H.S. football in our state remains a land of unequal opportunity
It was called the "summer series," a program sponsored by the Connecticut Interscholastic Athletic Conference originally set for this summer to help football and wrestling make up for COVID-related lost instructional time.
Football coaches across the state say the particulars of why the CIAC ultimately canceled the series included confusion over logistics, stemming from a lack of enough give-and-take between coaches and CIAC officials. It led to less than enthusiastic responses to CIAC surveys.
Such details bear less significance, however, than the overarching effect of the program's abandonment: How the CIAC's institutional caste system continues to leave kids in poorer communities at a competitive disadvantage. Families without means have fewer avenues available to compensate for lost instructional and team time.
Past summer football initiatives in Connecticut are an homage to the timeless haves/have-nots allegory, not to mention beset by structures that allow cheating to go benignly neglected.
Generally, it goes like this, according to several coaches contacted: A number of college football programs in Connecticut (Yale, Wesleyan, Southern, Central) offer summer camps to high school kids. High school coaches "work" the camps and get many of their players, whose families can afford the camp fees, to attend. The kids get instructional time with college coaches before the cheating begins: The kids get coached by their high school coaches out of season during what coaches across the state widely refer to as the "team period" of these camps.
So if you happen to coach in, say, Fairfield County, much of your team is together because families can afford it. The residual effect is practice time and instructional time kids in poorer communities cannot access.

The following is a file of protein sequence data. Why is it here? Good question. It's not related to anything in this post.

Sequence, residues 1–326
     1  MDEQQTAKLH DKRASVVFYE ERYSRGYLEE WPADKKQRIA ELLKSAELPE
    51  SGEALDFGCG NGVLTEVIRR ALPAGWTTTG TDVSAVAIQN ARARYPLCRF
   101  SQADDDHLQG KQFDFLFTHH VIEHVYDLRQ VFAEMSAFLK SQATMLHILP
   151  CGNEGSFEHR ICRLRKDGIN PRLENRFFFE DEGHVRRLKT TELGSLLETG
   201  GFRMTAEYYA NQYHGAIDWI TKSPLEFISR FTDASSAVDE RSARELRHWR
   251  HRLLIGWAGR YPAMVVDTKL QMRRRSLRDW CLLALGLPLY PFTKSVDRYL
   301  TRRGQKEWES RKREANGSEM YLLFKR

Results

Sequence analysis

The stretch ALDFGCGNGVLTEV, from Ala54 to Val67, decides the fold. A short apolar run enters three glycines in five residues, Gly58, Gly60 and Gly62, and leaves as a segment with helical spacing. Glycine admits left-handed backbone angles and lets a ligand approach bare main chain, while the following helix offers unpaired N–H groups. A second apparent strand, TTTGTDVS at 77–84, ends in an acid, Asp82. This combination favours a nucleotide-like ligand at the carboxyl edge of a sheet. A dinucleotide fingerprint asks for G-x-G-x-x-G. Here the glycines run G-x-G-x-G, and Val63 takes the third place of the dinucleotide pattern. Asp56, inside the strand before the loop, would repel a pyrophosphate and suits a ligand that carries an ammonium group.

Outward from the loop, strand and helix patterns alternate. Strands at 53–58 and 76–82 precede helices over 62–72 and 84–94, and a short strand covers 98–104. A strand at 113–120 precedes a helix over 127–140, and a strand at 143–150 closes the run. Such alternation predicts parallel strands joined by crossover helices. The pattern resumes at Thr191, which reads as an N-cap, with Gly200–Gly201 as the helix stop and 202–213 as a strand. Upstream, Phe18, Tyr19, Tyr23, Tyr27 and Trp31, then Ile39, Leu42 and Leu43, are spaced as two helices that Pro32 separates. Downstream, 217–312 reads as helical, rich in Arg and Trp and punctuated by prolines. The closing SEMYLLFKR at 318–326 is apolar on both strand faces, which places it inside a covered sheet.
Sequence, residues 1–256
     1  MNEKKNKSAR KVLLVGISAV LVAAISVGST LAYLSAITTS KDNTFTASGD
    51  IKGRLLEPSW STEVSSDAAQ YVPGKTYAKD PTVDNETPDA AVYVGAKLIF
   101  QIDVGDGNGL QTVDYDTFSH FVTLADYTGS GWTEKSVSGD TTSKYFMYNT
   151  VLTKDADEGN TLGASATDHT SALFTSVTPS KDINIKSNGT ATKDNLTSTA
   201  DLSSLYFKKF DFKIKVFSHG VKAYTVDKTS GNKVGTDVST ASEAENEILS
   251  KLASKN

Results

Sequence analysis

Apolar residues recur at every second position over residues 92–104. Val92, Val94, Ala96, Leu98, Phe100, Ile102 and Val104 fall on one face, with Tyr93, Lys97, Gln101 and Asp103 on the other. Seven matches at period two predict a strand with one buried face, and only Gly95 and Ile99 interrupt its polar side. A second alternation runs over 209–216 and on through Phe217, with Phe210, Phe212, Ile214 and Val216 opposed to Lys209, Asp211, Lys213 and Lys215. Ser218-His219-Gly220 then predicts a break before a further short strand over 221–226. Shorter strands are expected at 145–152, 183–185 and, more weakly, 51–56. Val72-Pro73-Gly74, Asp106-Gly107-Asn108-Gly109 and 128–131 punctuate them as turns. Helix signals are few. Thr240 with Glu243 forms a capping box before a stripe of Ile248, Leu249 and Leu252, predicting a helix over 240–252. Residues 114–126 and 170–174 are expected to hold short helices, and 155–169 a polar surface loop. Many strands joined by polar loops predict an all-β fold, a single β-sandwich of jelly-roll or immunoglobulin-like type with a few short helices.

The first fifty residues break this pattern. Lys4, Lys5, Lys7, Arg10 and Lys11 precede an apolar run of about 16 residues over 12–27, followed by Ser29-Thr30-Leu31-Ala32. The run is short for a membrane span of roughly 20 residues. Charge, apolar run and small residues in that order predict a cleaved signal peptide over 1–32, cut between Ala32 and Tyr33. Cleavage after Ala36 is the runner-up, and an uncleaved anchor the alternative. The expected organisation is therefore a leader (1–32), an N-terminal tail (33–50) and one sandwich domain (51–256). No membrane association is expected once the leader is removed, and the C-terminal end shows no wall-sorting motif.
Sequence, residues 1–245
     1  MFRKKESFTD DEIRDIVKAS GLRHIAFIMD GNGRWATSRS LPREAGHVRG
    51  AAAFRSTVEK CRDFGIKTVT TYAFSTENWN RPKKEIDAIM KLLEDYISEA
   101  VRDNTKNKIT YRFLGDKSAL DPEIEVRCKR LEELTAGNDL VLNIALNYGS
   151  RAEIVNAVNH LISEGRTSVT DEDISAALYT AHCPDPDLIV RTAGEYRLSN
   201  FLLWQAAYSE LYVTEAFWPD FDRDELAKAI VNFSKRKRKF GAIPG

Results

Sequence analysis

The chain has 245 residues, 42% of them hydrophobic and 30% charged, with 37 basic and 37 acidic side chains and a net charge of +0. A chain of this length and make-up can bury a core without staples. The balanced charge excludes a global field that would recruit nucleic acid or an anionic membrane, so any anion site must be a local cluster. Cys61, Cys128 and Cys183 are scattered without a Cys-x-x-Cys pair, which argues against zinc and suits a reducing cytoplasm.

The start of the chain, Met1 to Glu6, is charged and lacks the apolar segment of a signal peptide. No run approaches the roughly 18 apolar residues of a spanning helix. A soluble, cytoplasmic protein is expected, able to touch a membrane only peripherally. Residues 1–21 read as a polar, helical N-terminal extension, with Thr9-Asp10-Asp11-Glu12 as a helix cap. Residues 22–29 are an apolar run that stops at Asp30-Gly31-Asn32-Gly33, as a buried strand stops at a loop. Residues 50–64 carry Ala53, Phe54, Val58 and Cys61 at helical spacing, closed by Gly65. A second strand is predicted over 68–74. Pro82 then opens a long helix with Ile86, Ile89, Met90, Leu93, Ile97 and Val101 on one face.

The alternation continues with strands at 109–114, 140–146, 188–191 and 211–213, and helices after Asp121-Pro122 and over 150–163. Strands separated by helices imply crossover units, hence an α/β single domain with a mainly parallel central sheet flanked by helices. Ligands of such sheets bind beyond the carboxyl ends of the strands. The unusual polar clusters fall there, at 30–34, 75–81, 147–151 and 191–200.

Think about it: Yale is running nine different one-day camps between June 24 and July 9 this summer. Registration fee is $160 per session, per the camp website. How many families in New London could afford to send their kids to even one day? And then if a high school coach decided to "work" camps at other colleges this summer, how many families in New London could afford repeated registration costs?
But the likelihood families in New Canaan could write perpetual checks? Significantly higher.
That is called competitive disadvantage through an institutional caste system.
A budding societal flaw is to reflexively criticize the haves, as if having or making money is villainous. It's not. Parents in more affluent communities shouldn't be made to feel guilty for wanting what's best for their kids. It's what good parents do.
The criticism is better directed at the system for allowing unequal opportunity. In this case, all football coaches in Connecticut (and all high school coaches in general) should be allowed to instruct their kids in some form in the offseason. It wouldn't change the inability of some programs to attend college camps. But getting the kids to the high school campus and allowing some instructional time — for free — is a better step to a fairer baseline.
The current system allows more access for people with means. And while some folks who failed critical thinking might dismiss this as the way of the world, I believe this is one way of the world that needs to change — and can change easily and painlessly.
This is not complicated. Give everyone a chance to develop an offseason program. Not all who are given the opportunity will capitalize. And that's bad coaching. But right now, if I'm Johnny Burns at New London or Mike Ellis at Fitch, I'm staring at a perpetual competitive disadvantage that's allowed under the benign neglect of the state's governing body.
I believe the CIAC allows competitive disadvantage in other forms, too (such as how schools of choice are allowed to compete for championships in Class S). But exactly none of this will change unless administrators in poorer towns speak up and demand the CIAC earnestly examine how its out-of-season instructional rules perpetuate a caste system.
The rich get richer in Connecticut high school sports. It's not the fault of the rich. It's the fault of the rulemakers who allow it to happen. And don't appear very interested in changing the status quo.
This is the opinion of Day sports columnist Mike DiMauro
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